But “good enough for long enough” reminds me that I don't need the bar to be that high or focus too much on any single post or day or experience. I've got a real big millennial need for stars and validation, and so remembering that no one is grading anything and that all I need to achieve my goals is just to be good enough for long enough helps a lot.
"Live the questions" by Rilke, which I got as a tattoo (full story here).
“Nothing good gets away,” which John Steinbeck once wrote in a letter to his son who was all screwed up about this girl he fell in love with at boarding school: “And don’t worry about losing. If it is right, it happens—the main thing is not to hurry. Nothing good gets away.”
What’s the most beautiful thing you’ve ever read?
I'm gonna go with a short story by Borges called The Aleph which is about a magical Hebrew letter found written in a basement. When you lie down and stare at the letter, you see everything that's ever existed all at once. The good and the bad and all. I love how he describes it, but even more I love how he describes his inability to describe it:
Really, what I want to do is impossible, for any listing of an endless series is doomed to be infinitesimal. In that single gigantic instant I saw millions of acts both delightful and awful; not one of them occupied the same point in space, without overlapping or transparency. What my eyes beheld was simultaneous, but what I shall now write down will be successive, because language is successive. Nonetheless, I’ll try to recollect what I can.
The way the piece both points out and transcends the limits of language was and continues to be mind-blowing to me. In fact, I have a giant Aleph tattoo’d on my left shoulder—it was my first tattoo!
What’s one consumable thing you recommend?
Okay, this is a basic one but it's helped me more than just about anything else—take a notebook and a pencil or pen and go to a coffee shop without your computer and, if possible, without your phone. Spend at least an hour there, ideally two, and let it all hang out on the page. Or don't, it doesn't really matter, but that time away from the loop of your phone’s messaging into the brain and the brain responding to that messaging by doing more computer stuff ad infinitum is precious.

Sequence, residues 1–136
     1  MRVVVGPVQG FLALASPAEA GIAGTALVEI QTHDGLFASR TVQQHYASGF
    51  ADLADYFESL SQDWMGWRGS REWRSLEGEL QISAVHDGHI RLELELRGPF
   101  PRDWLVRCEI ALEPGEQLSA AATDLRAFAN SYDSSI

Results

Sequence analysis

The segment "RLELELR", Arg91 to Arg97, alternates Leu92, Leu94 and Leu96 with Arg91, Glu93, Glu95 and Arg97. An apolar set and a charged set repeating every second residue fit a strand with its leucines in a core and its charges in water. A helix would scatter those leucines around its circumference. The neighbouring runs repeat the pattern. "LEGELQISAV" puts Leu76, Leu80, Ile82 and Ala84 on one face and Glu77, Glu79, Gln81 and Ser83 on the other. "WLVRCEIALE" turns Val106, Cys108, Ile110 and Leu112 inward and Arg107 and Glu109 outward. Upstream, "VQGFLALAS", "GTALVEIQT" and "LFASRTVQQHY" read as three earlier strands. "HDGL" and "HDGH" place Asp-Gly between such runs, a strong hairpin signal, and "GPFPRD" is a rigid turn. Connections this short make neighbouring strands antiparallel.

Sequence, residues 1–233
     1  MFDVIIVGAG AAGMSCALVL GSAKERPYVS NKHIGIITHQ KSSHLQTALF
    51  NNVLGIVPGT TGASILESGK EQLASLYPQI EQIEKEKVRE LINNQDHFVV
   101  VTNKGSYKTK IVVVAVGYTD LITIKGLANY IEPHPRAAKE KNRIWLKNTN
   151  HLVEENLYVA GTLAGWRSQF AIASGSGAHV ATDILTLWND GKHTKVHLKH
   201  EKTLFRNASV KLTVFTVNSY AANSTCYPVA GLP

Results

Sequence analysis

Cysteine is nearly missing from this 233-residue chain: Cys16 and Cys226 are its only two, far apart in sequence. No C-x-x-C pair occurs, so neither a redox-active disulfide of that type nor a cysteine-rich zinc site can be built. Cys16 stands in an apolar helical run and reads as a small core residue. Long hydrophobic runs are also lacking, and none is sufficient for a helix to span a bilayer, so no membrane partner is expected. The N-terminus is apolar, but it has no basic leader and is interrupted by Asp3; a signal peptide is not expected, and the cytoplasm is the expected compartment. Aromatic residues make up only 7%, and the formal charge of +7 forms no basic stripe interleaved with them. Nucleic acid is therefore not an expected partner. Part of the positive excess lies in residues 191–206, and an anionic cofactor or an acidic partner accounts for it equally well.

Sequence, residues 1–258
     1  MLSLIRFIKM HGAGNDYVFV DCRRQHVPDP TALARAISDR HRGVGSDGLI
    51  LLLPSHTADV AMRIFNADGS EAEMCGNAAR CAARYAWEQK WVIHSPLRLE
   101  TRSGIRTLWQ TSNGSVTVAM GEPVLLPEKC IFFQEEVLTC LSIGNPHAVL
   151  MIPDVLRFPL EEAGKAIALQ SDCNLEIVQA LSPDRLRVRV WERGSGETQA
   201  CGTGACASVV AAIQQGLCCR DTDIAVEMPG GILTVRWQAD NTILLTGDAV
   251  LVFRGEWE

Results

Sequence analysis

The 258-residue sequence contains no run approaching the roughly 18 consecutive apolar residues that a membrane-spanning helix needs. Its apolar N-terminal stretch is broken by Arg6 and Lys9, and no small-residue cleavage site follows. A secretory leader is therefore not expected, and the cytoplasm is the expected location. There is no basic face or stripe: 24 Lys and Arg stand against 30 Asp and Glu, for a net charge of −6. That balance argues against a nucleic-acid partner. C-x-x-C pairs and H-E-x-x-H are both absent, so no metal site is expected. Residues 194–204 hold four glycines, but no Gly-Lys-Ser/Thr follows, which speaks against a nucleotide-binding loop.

I was gifted such a time last weekend by fate itself when the movie I wanted to see would not take my Apple Pay payment and thus left me no choice but to wander the streets with nothing but my notebook. I sat down at some new coffee shop and wrote and wrote and wrote and though I am not yet sure that any of the writing itself was any good, I do know that, by the end of it, I felt much closer to that creative equilibrium where impulse and critic can dance in harmony.
Thank you so much, Alex. You are truly one of a kind.
P.S. Stay tuned for another fun (likely absurd, hopefully meaningful) BRCP x BAT collab coming soon…
As there was no Sunday letter this week due to the holiday, today’s issue also includes the weekly reading.
But! Before we get to that, can I please take a second to say YOU ARE THE BEST? I was truly blown away by your comments on last week’s post. I’m feeling good and don’t plan to scale back on the newsletter at this time, but I am very grateful for your support. (And will continue to be an advocate for breaks in the future.)
I’ll be back on Sunday with our regularly scheduled essay-plus-a-reading. Thank you so much.
Card of the Week
Here is this week’s card for the collective, as well as some thoughts to carry into the days ahead. As most modern readers will tell you, the tarot is not about fortunetelling, nor is it about neat, definitive answers. The cards are simply one path to reflection, a way of better knowing ourselves and others through universal themes. If this reading resonates with you, great! And if not, no worries. Take whatever may be helpful and leave the rest.
At first glance, the Five of Wands appears to be about conflict—scuffles, skirmishes, struggles—like a dramatic fight scene from a scripted drama. And it is! This card depicts a full-on fracas. (Why don’t we use this word more?)
But it also reminds us that there is a reason conflict is built into pretty much every story worth its salt.